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Dragging or pushing yourself to the computer? Too many posts starting with an apology for not having been around of late? The joy you first brought to blogging now a distant memory?
Looks like a case of blogger’s block. Don’t worry… there is a cure.
It’s largely a matter of making friends with your creative mind. The reason so many of us find this difficult is that our education has trained us to respond to problems only with linear, rational, conscious thought.
Willpower, discipline, and good old-fashioned work may squeeze another blog post out of you but to produce words effortlessly, to connect with the joy and optimism and inspiration which makes it all worthwhile, to be as good as you can be, you need to know how to nurture abstraction and your hard-working subconscious.
First off, stop focusing on your block and start thinking about establishing flow. Flow is that delectable condition where the words seem to appear of their own volition. Where all we writers have to do is turn up at the page and get ‘em down. Below are ten tried-and-tested methods – five daily practices, five writing practices – for keeping in flow, not just for the next blog post but for the rest of your writing life.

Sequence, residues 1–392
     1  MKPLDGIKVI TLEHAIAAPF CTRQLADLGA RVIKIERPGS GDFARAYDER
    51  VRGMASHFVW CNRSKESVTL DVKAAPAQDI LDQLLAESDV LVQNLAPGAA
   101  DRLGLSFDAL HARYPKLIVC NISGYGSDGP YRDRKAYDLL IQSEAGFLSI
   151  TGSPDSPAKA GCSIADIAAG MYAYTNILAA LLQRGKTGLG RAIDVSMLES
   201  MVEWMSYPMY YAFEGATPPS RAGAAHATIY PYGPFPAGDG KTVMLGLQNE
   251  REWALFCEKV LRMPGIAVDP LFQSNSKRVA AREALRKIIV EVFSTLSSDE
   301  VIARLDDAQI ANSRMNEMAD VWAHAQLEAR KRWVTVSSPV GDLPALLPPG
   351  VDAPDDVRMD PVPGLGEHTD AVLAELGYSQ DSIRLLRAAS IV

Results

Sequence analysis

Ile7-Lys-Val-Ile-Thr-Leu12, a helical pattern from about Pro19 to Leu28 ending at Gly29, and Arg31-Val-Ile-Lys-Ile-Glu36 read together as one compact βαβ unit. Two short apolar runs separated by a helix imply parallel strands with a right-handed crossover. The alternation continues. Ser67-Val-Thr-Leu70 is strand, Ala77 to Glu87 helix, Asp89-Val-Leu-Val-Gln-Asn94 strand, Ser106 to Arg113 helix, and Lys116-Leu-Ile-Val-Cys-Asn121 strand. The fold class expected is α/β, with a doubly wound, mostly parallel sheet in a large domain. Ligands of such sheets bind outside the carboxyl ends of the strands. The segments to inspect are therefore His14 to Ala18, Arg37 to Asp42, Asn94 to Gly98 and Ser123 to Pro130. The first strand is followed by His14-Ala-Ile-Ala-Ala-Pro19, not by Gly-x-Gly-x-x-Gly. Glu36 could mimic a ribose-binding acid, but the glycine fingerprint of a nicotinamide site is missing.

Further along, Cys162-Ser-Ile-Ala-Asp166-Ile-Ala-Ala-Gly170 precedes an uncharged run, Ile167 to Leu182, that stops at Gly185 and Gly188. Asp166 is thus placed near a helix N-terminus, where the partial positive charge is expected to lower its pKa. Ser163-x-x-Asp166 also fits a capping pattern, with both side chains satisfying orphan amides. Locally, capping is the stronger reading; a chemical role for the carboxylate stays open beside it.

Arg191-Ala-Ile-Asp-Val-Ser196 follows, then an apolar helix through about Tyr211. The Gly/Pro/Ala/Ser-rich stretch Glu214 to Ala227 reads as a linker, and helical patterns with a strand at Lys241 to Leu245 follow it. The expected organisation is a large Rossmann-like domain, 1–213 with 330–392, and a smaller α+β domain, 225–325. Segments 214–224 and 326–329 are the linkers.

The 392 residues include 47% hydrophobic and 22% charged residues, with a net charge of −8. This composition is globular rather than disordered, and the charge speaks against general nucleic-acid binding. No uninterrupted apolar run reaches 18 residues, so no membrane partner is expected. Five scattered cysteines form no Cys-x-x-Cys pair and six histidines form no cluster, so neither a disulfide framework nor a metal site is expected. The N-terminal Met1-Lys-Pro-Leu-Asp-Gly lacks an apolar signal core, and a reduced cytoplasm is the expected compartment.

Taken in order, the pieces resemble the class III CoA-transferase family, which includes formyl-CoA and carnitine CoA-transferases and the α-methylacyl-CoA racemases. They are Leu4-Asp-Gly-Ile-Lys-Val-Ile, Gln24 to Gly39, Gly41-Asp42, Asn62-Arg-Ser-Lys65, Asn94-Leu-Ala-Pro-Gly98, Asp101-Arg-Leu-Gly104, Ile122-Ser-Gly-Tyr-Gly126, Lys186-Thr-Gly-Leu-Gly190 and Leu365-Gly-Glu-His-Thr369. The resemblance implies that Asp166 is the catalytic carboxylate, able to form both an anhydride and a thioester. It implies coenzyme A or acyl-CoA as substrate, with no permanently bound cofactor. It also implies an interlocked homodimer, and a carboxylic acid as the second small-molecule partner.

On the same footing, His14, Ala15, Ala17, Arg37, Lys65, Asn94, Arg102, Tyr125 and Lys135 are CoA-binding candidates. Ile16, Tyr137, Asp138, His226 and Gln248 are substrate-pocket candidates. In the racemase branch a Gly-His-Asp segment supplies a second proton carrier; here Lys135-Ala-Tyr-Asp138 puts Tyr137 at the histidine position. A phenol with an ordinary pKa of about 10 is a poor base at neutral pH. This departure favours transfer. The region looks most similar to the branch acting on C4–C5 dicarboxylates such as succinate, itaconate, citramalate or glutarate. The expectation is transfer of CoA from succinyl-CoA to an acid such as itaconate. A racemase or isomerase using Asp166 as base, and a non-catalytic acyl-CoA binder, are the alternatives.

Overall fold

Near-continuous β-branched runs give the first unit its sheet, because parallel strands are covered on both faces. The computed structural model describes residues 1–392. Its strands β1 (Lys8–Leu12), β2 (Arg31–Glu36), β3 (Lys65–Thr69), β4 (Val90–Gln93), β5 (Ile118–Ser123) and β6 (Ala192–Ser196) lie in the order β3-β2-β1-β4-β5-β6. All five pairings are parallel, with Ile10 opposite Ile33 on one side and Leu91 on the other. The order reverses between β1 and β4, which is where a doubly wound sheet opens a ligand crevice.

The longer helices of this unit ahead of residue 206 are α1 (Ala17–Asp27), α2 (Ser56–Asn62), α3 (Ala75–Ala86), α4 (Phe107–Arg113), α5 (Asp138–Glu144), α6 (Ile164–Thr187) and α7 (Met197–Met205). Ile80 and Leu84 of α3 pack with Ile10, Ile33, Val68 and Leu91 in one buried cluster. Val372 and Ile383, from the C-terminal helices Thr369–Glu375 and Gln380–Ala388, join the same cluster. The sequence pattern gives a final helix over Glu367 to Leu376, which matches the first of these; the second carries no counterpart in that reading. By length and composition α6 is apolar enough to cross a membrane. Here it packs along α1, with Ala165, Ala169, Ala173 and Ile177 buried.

Establishing Flow Part One: Writing Practices
- Understand the stages of writing process. Any piece of writing moves through distinct, though not always separate, phases. I have seen so many writers who start to edit or judge their writing (stage 7) when they are only in the first draft (stage 4), or even the preparation (stage 2), point in the process — and thereby strangle their work before giving it full form. Delay the actual writing for as long as you can, until you can’t wait to get at it. At a minimum, never sit down at the computer until you have your beginning, your ending and your research notes in place.
- Change your timeframe. A blogger feels like the deadline is always now but this is a false pressure. It’s far more important to write something worthwhile than to post today just for the sake of it. Always give yourself more time than you think you’ll need.
- Drop your standards. Wherever there is block, there is fear. “I can’t say that.” “What if people laugh?” “This is garbage.” The only way to get beyond those carping inner voices is to give yourself permission to be bad. I love Annie Lamott’s suggestion of the “shitty first draft”: “The only way I can get anything written at all,” she says, “is to write really, really shitty first drafts… romp all over the place, knowing that no one is going to see it and that you can shape it later”.
- Know when to stick with it and when to walk away. The thing about the unconscious is that it needs time to percolate some ideas (you know what they say about watched pots). You can’t bully the unconscious into producing on demand and that’s why every writer needs a physical, automatic task to turn to when focused, rational thought is not getting the goods. Peter Beadle fools around with his Gibson guitar. Barbara Ehrenreich does housework. Joe Survant plinks at squirrels with a BB gun. John Lennon took a bath. Find something for yourself — and enjoy.